Tornado Alley

Coordinates: 35°N 88°W / 35°N 88°W / 35; -88
From Simple English Wikipedia, the free encyclopedia
An outline of Significant Tornado Alley in the United States, where the highest percentage of violent tornadoes occur
Tornado activity in the United States.

Tornado Alley is a colloquial term most often used to refer to the area of the United States in which tornadoes happen more than in any other part of the country.[1] The 1974 super tornado outbreak with 148 tornadoes, took place in Georgia, Illinois, Indiana, Kentucky, Michigan, Mississippi, North Carolina, Ohio, South Carolina, Tennessee, Virginia, and West Virginia.

States such as Minnesota, Wisconsin, Illinois, Indiana, and Ohio are sometimes included in Tornado Alley.[2] Research suggests that tornadoes are happening more often in the northern parts of Tornado Alley where it reaches the Canadian prairies.[3]

Tornado alley geographical area[change | change source]

A diagram of tornado alley based on 1 tornado or more per decade. Rough location (red), and its contributing weather systems

Over the years, the location(s) of Tornado Alley have not been clearly defined. No definition of tornado alley has ever been officially chosen by the National Weather Service (NWS).[4] Thus, differences in the place are because of the different criteria used.[4][5]

The National Severe Storms Laboratory (NSSL) FAQ says that "Tornado Alley" is a term used by the media as a reference to areas that have mroe tornadoes.[4] A study of 1921–1995 tornadoes concluded almost one-fourth of all significant tornadoes happen in this area.[6]

No state has no tornadoes; however, they happen more often in the Central United States, between the Rocky Mountains and Appalachian Mountains.[4]

Another criterion for the location of Tornado Alley (or Tornado Alleys) can be where the strongest tornadoes happen more often.[7]

Origin of the term[change | change source]

The term "tornado alley" was first used in 1952 by U.S. Air Force meteorologists Major Ernest J. Fawbush (1915–1982) and Captain Robert C. Miller (1920–1998). They used it as the title of a research project[8] to study severe weather in parts of Texas and Oklahoma.[9]

How many tornadoes[change | change source]

The average tornado stays on ground for only 5 minutes. These figures, reported by the National Climatic Data Center for the period between 1991 and 2010, show the seventeen U.S. states with the most average number of tornadoes per 10,000 square miles (25,899.9 km2) per year.[10]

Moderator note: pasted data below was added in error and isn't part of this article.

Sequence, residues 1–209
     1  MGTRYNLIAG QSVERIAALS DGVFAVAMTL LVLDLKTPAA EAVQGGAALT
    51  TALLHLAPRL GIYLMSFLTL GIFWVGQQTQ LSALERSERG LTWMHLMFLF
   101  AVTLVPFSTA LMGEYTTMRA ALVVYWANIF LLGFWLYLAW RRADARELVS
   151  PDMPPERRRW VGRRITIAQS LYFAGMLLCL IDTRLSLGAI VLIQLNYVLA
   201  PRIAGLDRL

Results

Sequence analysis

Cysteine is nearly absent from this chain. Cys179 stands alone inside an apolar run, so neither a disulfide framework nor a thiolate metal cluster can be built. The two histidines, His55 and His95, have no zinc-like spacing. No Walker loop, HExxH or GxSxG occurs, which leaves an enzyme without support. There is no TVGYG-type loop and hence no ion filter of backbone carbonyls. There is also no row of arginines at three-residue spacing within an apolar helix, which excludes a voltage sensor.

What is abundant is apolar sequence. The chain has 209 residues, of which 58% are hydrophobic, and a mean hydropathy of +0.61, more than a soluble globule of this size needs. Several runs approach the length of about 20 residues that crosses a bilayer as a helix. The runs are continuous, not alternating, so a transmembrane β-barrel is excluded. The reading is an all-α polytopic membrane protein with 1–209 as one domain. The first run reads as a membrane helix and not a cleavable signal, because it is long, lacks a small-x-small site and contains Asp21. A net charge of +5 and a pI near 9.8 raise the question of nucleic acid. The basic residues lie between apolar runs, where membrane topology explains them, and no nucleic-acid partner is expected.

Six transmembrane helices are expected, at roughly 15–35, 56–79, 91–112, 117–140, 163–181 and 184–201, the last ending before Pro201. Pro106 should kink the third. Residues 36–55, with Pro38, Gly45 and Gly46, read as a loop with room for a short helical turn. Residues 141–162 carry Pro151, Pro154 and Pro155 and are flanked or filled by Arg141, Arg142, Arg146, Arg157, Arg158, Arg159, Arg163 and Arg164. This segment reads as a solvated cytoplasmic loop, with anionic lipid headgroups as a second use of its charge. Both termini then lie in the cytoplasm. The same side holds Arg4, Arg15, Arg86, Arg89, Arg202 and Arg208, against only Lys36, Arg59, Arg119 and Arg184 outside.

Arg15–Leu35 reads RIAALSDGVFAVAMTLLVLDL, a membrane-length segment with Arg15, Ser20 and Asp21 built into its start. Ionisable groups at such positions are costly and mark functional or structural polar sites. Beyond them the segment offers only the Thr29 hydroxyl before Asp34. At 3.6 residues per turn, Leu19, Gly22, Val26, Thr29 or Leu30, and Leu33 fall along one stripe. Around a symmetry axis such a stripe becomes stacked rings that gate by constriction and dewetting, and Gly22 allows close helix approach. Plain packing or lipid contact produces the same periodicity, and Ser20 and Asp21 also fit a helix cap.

1. Florida: 12.2
  2. Kansas: 11.7
  3. Maryland: 9.9
  4. Illinois: 9.7
  5. Mississippi: 9.2
  6. Iowa: 9.1
  7. Oklahoma: 9
  8. South Carolina: 9
  9. Alabama: 8.6
  10. Louisiana: 8.5
  11. Arkansas: 7.5
  12. Nebraska: 7.4
  13. Missouri: 6.5
  14. North Carolina: 6.4
  15. Tennessee: 6.2
  16. Indiana: 6.1
  17. Texas: 5.9

Canadian tornadoes[change | change source]

About half of all Canadian tornadoes hit the Canadian prairies and Northern Ontario as far east as Lake Superior. Together, these areas make up the northernmost border of the U.S. Tornado Alley. Tornadoes up to EF5 in strength have been found in this region.[11]

Schools in Tornado Alley often have tornado drills, and many homes may have tornado shelters where people can go for safety.

References[change | change source]

  1. Glickman, Todd S. (2000). Glossary of Meteorology (2nd ed.). Boston: American Meteorological Society. ISBN 978-1878220349. Archived from the original on 2015-05-18.
  2. "Tornado Alley" (PDF). Smithsonian Institution. Archived (PDF) from the original on October 18, 2013. Retrieved October 2, 2013.
  3. "The new tornado alley - University of Saskatchewan". Archived from the original on 2014-01-18. Retrieved 2014-01-16.
  4. 4.0 4.1 4.2 4.3 "Severe Weather 101: Tornado FAQ". National Severe Storms Laboratory. NOAA. January 29, 2007. Archived from the original on October 30, 2013. Retrieved September 29, 2013.
  5. "Tornado FAQ". Storm Prediction Center. NOAA. January 29, 2007. Archived from the original on March 2, 2012. Retrieved September 29, 2013.
  6. "Climatology Risk of Strong and Violent Tornadoes In the United States". Northern Illinois University & NOAA/ERL/National Severe Storms Laboratory. January 29, 2007. Archived from the original on May 3, 2007. Retrieved April 26, 2007.
  7. Taking Shelter from the Storm: Building a Safe Room for Your Home or Small Business (pdf) (Technical report) (4th ed.). FEMA. December 2014. P-320. Archived (PDF) from the original on July 21, 2015. Retrieved July 18, 2015.
  8. "Essay Tornado". Major Ernest J. Fawbush and Captain Robert C. Miller. Archived from the original on November 3, 2016. Retrieved November 25, 2015.
  9. See:
    1. Jeremy Singer-Vine (May 23, 2011) "How did "Tornado Alley" get its name?," Archived 2012-05-28 at the Wayback Machine Slate (on-line magazine).
    2. John P. Gagan, Alan Gerard, and John Gordon (December 2010) "A historical and statistical comparison of "Tornado Alley" to "Dixie Alley", " Archived 2012-05-17 at the Wayback Machine National Weather Digest, vol. 34, no. 2, pages 146-155; see especially page 146.
    3. "Weather officers commended," Take-Off (newspaper of Tinker Air Force Base; Midwest City, Oklahoma), January 16, 1953.
    4. Results of search of Google Books for "tornado alley".
  10. "Average Annual Number of EF0-EF5 Tornadoes per 10,000 square miles during 1991 - 2010" (gif). National Climatic Data Center. U.S. Tornado Climatology: Archived from the original on October 29, 2013. Retrieved October 26, 2013.
  11. Archived 2016-08-02 at the Wayback Machine

Other websites[change | change source]

35°N 88°W / 35°N 88°W / 35; -88